Photoman: Pentax 645Z offers far better value than Blad. You should have stuck to a simple design instead of bling for small markets or rich toffs. Sad to see another camera brand about to go broke.
Well, except that the 645Z doesn't have anything in the way of leaf shutter lenses to offer (there are some virtually-antique lenses on the used market, but they leave a lot to be desired - they were barely "good enough" for ISO 400 colour film, and certainly not up to 50MP) and the back cannot be detached and used on a view camera. Flash synchronization at high shutter speeds (above 1/125, certainly) with real lights (not speedlights) and camera/lens movements are not optional for wide swaths of the professional market. It's a great camera, but among the people most likely to have bought it, the general tone of the conversation has been "what were they thinking?" The detachable back is probably never going to happen (it severely complicates connections), but they need LS lenses to compete with Hasselblad or PhaseOne/Mamiya.
igor_s: I was always sure that the PDAF with third-party lenses was just a matter or marketing. Bravo to Sony for doing this as it will impact the sales of own Sony and Zeiss cameras.
The only global thing I can think of in this area is Z-shift sensor AF that would allow for AF with with fully manual lenses.
And 5mm is a lot, and won't cover much range with many lenses. I get the idea; it's just not practical outside of a *very* limited range, which would approximate what you'd need for focus holding in a focus-and-recompose situation. (In those cases, since the shift you'd need is governed by the field of view of the lens, and the field of view of the lens becomes more restricted as the focal length, and thus the required sensor shift, increases, it would likely be practical at least to a degree.) The camera would need to be thicker by the amount of movement required, and by the basic mechanical overhead of the jacking system, so there's only so far you can go with it before it becomes unacceptable to the vast, vast majority of people who would use the camera.
That might be a little difficult; the required shift can easily get into the centimetres range in a hurry. A helicoid adapter would at least take the jacking mechanism out of the body, but since you'd need to move the entire lens (or the entire camera if the lens itself is tripod-mounted) I'd imagine it would either be terminally slow or require a ginormous battery (once you allow for damping and so forth). A "manual focus maintenance" arrangement - something adequate to keep the focus fine-tuned once you've established it manually on a relatively static subject - might be more practical. (I'm picturing something that works sort of like Hasselblad's True Focus feature, but without having to know the lens characteristics intimately.) It still sounds power-hungry and expensive, though, no matter how I think about it; I'm not sure Sony could go there with an a7. Perhaps an a9?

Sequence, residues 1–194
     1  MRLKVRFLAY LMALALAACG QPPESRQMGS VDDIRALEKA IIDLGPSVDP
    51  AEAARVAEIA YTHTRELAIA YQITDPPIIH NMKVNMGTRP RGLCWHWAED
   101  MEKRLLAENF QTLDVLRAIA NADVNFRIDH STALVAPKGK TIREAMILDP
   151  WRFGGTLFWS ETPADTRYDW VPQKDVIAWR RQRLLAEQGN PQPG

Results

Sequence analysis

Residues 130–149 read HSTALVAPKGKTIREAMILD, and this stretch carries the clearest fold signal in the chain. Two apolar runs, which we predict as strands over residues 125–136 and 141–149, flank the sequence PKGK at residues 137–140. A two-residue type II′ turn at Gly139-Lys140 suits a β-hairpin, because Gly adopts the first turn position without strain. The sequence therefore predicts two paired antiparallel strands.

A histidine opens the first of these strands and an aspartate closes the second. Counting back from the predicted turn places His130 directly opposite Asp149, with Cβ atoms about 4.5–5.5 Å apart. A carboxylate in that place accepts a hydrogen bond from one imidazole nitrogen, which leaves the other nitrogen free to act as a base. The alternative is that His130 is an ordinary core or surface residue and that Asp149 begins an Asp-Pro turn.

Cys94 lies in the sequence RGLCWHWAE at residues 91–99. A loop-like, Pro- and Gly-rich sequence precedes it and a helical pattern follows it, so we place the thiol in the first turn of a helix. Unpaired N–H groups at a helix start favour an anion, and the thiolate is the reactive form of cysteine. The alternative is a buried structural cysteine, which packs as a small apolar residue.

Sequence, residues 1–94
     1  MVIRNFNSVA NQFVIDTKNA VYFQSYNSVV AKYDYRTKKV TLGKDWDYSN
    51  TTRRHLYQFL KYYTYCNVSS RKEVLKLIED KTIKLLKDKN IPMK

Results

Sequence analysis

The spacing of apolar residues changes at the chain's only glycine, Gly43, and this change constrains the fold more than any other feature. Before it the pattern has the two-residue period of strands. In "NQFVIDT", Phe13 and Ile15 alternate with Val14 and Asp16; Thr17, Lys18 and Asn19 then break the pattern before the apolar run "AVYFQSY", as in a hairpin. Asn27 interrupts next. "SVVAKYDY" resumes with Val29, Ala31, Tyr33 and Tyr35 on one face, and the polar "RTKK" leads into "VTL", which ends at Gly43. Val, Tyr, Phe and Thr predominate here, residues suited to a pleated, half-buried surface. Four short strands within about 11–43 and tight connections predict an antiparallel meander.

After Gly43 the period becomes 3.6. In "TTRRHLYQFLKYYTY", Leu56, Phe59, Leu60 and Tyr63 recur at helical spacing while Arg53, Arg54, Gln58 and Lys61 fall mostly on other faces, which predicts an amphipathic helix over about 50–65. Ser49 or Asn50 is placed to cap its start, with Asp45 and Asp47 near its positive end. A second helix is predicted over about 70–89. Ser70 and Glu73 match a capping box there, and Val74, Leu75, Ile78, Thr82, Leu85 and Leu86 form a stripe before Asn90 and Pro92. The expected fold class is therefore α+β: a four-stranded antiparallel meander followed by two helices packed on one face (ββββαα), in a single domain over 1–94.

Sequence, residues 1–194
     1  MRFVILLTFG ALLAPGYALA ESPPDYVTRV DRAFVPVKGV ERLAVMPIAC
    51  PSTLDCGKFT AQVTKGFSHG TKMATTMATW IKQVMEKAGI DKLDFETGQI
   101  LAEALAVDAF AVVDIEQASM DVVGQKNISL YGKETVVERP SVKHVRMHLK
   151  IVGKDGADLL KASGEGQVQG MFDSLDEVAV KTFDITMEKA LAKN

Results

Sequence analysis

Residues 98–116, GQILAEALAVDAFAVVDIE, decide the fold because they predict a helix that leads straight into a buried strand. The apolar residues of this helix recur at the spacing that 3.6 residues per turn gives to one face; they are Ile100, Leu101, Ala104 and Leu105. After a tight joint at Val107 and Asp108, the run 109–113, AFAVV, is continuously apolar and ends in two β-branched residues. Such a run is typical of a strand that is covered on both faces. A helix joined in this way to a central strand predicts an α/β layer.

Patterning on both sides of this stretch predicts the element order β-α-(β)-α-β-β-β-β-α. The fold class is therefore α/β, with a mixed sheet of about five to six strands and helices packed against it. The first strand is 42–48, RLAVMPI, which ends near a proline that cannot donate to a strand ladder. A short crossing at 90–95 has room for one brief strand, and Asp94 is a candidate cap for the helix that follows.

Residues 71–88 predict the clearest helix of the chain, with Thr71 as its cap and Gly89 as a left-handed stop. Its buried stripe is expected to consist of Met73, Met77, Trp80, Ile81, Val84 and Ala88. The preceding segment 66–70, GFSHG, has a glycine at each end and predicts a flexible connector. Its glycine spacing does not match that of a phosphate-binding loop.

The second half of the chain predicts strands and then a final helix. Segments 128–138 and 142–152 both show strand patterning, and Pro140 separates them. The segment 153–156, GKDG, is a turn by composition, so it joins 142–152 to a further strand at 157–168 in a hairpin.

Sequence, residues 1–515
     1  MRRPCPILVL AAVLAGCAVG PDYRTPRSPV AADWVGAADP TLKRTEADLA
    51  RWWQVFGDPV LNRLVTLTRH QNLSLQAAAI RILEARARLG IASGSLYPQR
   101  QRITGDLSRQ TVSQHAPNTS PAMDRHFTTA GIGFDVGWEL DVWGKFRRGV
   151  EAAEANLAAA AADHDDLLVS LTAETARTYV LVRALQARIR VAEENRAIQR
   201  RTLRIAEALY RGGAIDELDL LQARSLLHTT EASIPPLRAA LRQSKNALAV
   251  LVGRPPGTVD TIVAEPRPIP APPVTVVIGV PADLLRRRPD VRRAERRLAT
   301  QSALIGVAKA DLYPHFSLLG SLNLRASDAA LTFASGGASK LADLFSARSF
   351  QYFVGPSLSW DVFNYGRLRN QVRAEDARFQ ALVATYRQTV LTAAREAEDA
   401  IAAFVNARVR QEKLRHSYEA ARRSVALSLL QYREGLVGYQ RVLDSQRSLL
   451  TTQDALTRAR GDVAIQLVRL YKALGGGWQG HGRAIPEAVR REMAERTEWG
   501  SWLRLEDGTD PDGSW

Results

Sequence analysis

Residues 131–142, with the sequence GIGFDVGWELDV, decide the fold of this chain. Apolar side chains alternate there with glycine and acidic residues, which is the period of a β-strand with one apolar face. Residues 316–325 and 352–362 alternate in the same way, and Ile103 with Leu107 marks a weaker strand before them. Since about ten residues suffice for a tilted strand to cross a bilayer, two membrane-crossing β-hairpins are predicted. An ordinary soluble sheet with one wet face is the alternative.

Class A: Good to see some balanced discussion in the article. DSLRs are by no means the "dinosaur technology" that they are often characterised as.
One point that rarely gets made is that image quality is largely determined by the lens and that lenses that provide high-quality images even in bad conditions tend to be large (that's just physics that no engineering can get around). A tiny mirrorless body more often than not then just provides an inadequate grip for such lenses, yielding a combo that is imbalanced and not well-matched, with the overall size of a quality kit negating the small body size and weight advantage a mirrorless camera offers.
Surely mirrorless cameras have their perfectly matched application areas, but so do DSLRs. This sustained hailing of mirrorless cameras as the future technology that is still misunderstood by customers got old quite a while ago already.
Curved sensors won't do anything for apochromaticity; you'll still need multiple elements with appropriate dispersion characteristics. And then instead of designing to a flat field, you'd need to design to a particular non-flat field curvature, or stick to a fixed (non-interchangeable) lens. Our eyes are lousy cameras; we've just got excellent built-in raw processing (featuring content-aware fill!).
dialstatic: Such negative comments! I think this is an interesting development with potential applications outside the field of (hobby) photography. In any case, such research always makes me marvel at the complexity of the human brain. After all, 99.9% of the time, we have no problems distinguishing reflections from the actual scene (and even 'subtracting' them to some extent in our minds).
It also has a great application in forensics - from both sides. You can clear away reflections OR isolate them (the whole "zoom... enhance" TV/movie deal, modulo reality), depending on which is interesting. But yes, it is disappointing to see people reading the announcement and thinking to themselves, "cool, I can do the whole 'Ansel Adams' trip without even getting out of the car/bus now!" It ain't all about the shutterbugs.
jhinkey: Here I was hoping that this would have even higher capacity than the 405 - which is just barely adequate for my uses and could use having the gearing re-designed to be even stiffer.
The 410 is too light weight and this is even less capable than that.
Heavyweight gear may a**.
It looks cool and that's about it.
I think that there's a major clue in the XPRO nomenclature; it pairs with the 055 and the 190 XPROB 'pods (which are pretty well weight-limited by their articulated centre columns). And compared to a ball head or a non-geared three-way, it will be significantly easier to adjust cameras that are approaching the top end of their capacities. (And if the 405 doesn't cut it, there's always the 400. That works fine with a Sinar P2 8x10, extension rails, 480mm lens and compendium shade. )